CLEARWATER — This time last year we brought you the story of Mike Rembis, the Clearwater resident who tried to resolve his own unemployment problem by producing Clearwater's inaugural film festival.
Well, he's still unemployed and even though he said last year's endeavor cost him about $60,000 — and fewer than 400 people showed up — he's going for broke again this year.
"I have to find a revenue stream," he said, admitting, "This is not a good one."
Yeah, there's that.
Rembis says if he makes a profit this time around, he'll give a portion to the Venue Actors Studio as well as the Haven of RCS.
But our hunch is that he's going to keep producing these flick fests no matter what, given that his 47-year-old veins are really rolls of celluloid. He's produced three small-budget films and is an amateur screenwriter, having written 10 screenplays and entered 20 film festivals so far.
The second annual Clearwater Film and Music Festival runs today through Sunday. It's a leaner, meaner version of last year's fest, which means fewer films and awards, but cheaper ticket and badge prices plus a free awards party and music on three stages.
This year, all 57 selected films (out of 159 submissions) will screened at the Holiday Inn at Clearwater Beach.
Categories include animation, documentary, feature and short film. The selected flicks come from around the Tampa Bay area, Florida State University's film school, the nation and as far away as Sweden, Spain, Burundi, United Kingdom and Iraq.
One of them, God of Love by Luke Matheny of Brooklyn, N.Y., won the 2011 Academy Award for Best Live Action Short Film. It's a cute comedy about a love-struck, lounge-singing darts champion.
Industry insiders will also share information on a variety of filmmaking topics during educational film panels today and Saturday.
One expert is Jim Fitzpatrick, a local guy who attended Seminole High School. He's a screenwriter who has landed dozens of TV and movie roles, including one in Star Trek: Enterprise and most recently, Dolphin Tale.
So get your film badges or tickets, settle back in your seat, and relish the indie film experience.
Badges and tickets
Tickets: $9 for entry into a film block that could be one feature or up to five short films. Each film block is between one and 2 ½ hours long.
Director Badge: $29 for access to all films and film panels.
Associate Producer Badge: $69 nets access to all films, panels and private dolphin cruise by Tropics Boat Tours, departing today at 6:30 p.m.
Purchase: Tickets and badges (cash only) at the Holiday Inn at Clearwater Beach, 521 S Gulfview Blvd. For hours and room locations, go online to clearwaterfilmmusicfest.com or call (727) 599-5137.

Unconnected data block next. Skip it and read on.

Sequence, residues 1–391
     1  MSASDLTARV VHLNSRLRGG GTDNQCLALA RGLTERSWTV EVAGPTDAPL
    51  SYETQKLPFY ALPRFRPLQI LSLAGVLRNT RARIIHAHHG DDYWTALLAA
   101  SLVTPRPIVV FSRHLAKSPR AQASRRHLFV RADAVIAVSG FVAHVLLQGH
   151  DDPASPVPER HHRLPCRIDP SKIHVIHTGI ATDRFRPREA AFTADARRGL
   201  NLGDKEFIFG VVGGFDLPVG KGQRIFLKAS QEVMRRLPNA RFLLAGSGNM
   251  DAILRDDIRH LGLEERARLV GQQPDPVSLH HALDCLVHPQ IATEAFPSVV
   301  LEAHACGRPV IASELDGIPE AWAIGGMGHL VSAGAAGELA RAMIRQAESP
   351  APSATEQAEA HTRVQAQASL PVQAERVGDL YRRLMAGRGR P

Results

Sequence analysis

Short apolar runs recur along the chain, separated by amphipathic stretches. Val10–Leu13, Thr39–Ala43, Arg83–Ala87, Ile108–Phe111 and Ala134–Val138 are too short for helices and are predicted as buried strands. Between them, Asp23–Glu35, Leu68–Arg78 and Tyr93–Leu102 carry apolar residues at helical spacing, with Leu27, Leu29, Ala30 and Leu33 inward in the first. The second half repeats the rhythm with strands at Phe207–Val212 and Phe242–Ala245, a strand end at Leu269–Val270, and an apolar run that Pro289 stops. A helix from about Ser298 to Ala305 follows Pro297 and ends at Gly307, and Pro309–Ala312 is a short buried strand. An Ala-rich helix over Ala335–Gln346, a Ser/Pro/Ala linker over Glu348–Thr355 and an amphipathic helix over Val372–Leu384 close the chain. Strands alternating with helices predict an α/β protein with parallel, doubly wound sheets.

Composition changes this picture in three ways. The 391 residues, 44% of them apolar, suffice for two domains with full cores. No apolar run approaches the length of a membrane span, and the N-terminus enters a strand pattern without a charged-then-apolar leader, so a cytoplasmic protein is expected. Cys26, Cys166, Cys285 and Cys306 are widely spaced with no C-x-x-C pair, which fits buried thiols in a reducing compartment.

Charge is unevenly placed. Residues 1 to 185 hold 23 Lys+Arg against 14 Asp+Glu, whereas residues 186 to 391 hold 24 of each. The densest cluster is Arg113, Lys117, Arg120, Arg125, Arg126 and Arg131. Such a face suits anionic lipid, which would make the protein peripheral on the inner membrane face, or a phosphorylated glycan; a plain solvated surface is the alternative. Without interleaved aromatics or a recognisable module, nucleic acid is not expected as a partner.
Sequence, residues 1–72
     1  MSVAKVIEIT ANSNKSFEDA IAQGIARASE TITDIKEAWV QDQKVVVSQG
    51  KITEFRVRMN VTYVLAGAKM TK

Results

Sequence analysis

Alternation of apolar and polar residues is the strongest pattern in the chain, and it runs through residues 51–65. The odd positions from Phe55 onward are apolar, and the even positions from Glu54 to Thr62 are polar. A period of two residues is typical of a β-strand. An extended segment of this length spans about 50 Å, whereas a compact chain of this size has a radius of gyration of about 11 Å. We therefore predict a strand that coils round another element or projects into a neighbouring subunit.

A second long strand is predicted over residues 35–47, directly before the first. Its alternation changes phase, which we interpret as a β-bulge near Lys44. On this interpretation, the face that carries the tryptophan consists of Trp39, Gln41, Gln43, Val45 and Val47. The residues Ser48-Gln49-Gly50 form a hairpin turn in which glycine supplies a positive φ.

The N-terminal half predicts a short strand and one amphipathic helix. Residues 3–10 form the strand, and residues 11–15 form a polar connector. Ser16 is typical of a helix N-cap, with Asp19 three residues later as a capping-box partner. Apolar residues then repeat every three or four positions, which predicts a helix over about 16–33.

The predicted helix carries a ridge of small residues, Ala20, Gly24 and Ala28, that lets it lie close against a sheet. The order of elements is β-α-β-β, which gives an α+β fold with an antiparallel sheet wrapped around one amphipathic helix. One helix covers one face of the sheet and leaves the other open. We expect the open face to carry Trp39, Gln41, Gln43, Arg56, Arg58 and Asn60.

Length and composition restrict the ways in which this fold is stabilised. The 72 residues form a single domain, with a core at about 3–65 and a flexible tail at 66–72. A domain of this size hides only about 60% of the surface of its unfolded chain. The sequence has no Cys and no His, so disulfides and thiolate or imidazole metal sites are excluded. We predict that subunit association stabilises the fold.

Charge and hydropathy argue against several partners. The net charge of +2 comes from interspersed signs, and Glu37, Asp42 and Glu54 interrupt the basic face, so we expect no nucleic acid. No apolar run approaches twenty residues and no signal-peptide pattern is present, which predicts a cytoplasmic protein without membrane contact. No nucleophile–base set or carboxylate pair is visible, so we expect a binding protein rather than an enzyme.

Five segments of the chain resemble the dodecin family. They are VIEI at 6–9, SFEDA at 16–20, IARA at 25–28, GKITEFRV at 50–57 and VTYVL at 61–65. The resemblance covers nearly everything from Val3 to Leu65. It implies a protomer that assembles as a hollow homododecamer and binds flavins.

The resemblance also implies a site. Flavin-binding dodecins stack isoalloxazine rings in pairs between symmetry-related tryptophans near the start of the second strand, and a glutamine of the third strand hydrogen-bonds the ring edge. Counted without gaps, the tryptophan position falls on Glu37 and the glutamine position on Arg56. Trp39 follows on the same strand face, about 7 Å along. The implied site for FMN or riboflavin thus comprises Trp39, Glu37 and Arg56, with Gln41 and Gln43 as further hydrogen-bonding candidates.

Awards Party: Best Western Sea Wake Beach Resort, 691 S Gulfview Blvd. on Clearwater Beach, Saturday at 7 p.m. Awards will be given in nine categories. Musical guest is Gypsy Star.
Music: Entertainment on three stages on Clearwater Beach at Jimmy's Fish House and Iguana Bar inside the Holiday Inn (today and Saturday), Billy D's Restaurant and Bar, 656 S Gulfview Blvd. (tonight and Saturday) and Best Western Sea Wake Beach Resort (Saturday).
Rembis said the overarching theme this year is war and death.
"In half of the movies, somebody dies," he said. "Each film has a message and will make you think."
Filmmakers explore taboo, disturbing and controversial topics as well as topics like human rights, personal battles and the fragility of life. There are comedies, too, mostly found in the animation category.
Here's a glimpse into just a few:
21 — A short about a mother with dementia who gives her son money to gamble.
The Happets in the Kingdom of the Sun — An animation about true friendship among a group of tree house-dwelling animals.
Bubblegum Smackers — A local film by Lindsay Garvin about growing up and overcoming fears.
The Car is Born — Made by Clearwater resident Ulli Kampelmann, this documentary tells the story of auto inventor Karl Benz's wife, Bertha, who with their two sons, made the first long-distance trip in an automobile. This was despite a variety of mechanical problems and supposedly without the prior knowledge of her husband. She attracted worldwide attention.
The Triangle of Death — The story of the riflemen of Echo company in Iraq.
Missile Crisis — A coming-of-age drama set in South Florida.
Bad Influences — A short film about a hypochondriac with a vivid imagination.
The Policy of Murder and You've Got Hell were also made by local filmmakers.